They provide information, training and advice to support nurseries and the 250,000 people who work in them to deliver world-class early learning and childcare. Working closely with local and national governments in England, Scotland and Wales, NDNA campaign on the cost, choice and quality of childcare to benefit nurseries, families and the economy.

Visit: www.ndna.org.uk | Follow @NDNAtalk

Media Partners
View the Agenda


Registration, Refreshments and Networking


Morning Chair’s Welcome Address

Kathy Sylva, Professor of Educational Psychology, University of Oxford, and Researcher, Effective Pre-School Primary and Secondary Education Project (CONFIRMED)


Morning Keynote: Outcomes and Lessons From the Early Implementation and Early Rollout of the 30 Hours of Free Childcare

  • Summarising the key outcomes of the August 2017 Evaluation of Early Rollout of 30 Hours Free Childcare: Looking at what worked in the eight pilot areas and the further 25 areas tasked with finding innovative ways to increase access to free childcare
  • Understanding the aims of the amended Free Early Education Entitlement: Improving child development, and supporting parents to work more flexibly
  • Advising local authorities on effectively promoting and implementing the extended hours scheme across all early years providers, and supporting providers to ensure the scheme is a success

Ivana La Valle, Co-Author, Evaluation of Early Rollout of 30 Hours Free Childcare and Research Consultant and Visiting Scholar, University of East London (CONFIRMED)


Special Keynote: 30 Hours in Action – Chaos or Success

  • Roll out of 30 hours
  • Political and economic factors influencing the sector and cost of childcare
  • Provider perspective
  • Long term vision for the workforce

Purnima Tanuku, CEO, National Day Nurseries Association (NDNA) (CONFIRMED)


Case Study: Developing an Enquiry-Based Learning Approach to Early Years

  • Encouraging children to construct their own learning opportunities through play and exploration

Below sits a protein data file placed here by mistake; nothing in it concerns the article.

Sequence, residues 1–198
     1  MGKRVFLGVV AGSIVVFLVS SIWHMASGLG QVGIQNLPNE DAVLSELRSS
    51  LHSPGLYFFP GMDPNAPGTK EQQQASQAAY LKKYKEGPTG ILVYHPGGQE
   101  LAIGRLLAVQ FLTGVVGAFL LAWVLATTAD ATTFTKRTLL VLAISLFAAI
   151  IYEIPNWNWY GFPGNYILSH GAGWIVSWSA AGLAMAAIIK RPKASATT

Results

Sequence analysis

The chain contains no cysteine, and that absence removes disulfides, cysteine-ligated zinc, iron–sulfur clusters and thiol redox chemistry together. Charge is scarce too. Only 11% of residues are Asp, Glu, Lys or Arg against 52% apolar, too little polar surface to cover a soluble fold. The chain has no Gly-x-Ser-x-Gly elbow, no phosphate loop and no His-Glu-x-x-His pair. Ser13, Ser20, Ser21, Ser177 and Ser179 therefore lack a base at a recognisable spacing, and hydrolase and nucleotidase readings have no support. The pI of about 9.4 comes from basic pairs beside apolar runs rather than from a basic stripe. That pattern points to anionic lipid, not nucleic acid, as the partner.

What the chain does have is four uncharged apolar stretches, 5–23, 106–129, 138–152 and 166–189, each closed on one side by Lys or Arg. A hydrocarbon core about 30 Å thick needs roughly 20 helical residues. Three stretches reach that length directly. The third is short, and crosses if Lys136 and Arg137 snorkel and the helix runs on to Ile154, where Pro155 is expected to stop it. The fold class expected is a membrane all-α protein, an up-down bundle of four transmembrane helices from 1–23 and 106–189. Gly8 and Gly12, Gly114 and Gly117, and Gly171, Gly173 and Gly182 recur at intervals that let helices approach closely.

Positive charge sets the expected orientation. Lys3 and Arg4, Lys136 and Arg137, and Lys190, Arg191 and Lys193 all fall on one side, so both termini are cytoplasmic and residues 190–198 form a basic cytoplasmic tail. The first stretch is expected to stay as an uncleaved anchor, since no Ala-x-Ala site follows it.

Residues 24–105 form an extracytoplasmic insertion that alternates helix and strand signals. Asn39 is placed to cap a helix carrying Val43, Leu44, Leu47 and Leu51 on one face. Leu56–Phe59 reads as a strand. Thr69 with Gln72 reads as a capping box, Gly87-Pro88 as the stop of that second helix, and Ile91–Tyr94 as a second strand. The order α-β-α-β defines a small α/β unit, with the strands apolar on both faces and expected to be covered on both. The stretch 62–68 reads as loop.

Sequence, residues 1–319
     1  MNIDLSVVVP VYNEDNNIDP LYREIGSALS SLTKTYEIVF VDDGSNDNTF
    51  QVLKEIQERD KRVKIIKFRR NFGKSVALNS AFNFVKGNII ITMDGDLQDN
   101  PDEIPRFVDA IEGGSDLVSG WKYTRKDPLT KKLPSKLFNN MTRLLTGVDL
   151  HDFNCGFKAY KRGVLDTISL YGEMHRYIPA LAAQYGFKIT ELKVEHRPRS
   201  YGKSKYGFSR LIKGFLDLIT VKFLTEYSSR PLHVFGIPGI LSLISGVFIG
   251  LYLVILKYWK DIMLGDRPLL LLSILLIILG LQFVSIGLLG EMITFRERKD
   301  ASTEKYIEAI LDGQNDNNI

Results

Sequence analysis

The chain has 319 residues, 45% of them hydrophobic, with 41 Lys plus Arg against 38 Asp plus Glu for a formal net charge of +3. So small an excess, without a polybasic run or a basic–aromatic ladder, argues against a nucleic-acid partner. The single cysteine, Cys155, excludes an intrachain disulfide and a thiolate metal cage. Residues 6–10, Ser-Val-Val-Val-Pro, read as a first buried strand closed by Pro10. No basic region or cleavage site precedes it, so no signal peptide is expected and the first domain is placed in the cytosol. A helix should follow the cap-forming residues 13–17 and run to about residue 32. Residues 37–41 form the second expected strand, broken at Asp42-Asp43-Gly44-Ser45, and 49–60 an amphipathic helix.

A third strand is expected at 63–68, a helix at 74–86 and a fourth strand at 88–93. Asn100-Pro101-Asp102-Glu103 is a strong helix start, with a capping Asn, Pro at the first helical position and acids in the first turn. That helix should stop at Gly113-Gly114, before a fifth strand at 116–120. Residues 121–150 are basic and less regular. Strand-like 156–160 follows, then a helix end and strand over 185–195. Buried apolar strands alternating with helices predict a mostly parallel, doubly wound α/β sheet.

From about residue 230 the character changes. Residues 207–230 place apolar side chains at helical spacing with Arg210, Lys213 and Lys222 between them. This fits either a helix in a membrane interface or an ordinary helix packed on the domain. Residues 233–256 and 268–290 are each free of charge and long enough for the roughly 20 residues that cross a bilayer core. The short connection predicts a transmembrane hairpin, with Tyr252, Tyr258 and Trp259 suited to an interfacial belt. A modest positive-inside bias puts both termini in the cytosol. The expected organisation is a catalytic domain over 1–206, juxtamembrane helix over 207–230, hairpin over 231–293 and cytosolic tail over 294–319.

• Sharing the unique language developed at the nursery for use in the curriculum and to instil and inspirational learning experience for children
  • Shaping children’s mental, moral and social capabilities by actively listening to their ideas and opinions, and demonstrating this to the children on a daily basis
  • Engaging parents in the philosophy of the nursery to encourage a holistic approach to developing inquisitive children

Caroline El-Semman, Director, Little Jungle Nursery (CONFIRMED)


Key Supporter Session


Questions and Answers Session


Refreshments and Networking


Case Study: Using Status as a National Teaching School to Support Local Early Years Providers

  • Sharing teaching and learning expertise
  • Creating regular opportunities to share best practice methods among local schools
  • Advising on raising standards of early years care

Dr Julian Grenier, Headteacher, Sheringham Nursery School and Children’s Centre and National Leader of Education (CONFIRMED)


Case Study: Providing Outstanding Early Years Teaching and Learning

  • Developing a child-initiated learning environment, to build independent and robust learners
  • Disseminating key elements of the school’s best practice early years teaching, including innovative learning through play activities and creating an environment where there is high expectation of early literacy
  • Advising teachers on how to effectively encourage children to articulate the next steps in their learning, and assisting them to act on and implement these
  • Highlighting the importance of early years incidental learning, where children are using and applying knowledge, understanding and skills

Silvia Latorraca, Nursery Teacher, Fitzjohn’s Primary School (CONFIRMED)


Case Study: Creating Innovative Solutions for Childcare Access

  • Sharing findings from being part of the Early Innovators group; focusing on the sufficiency of places and developing high-quality flexible provision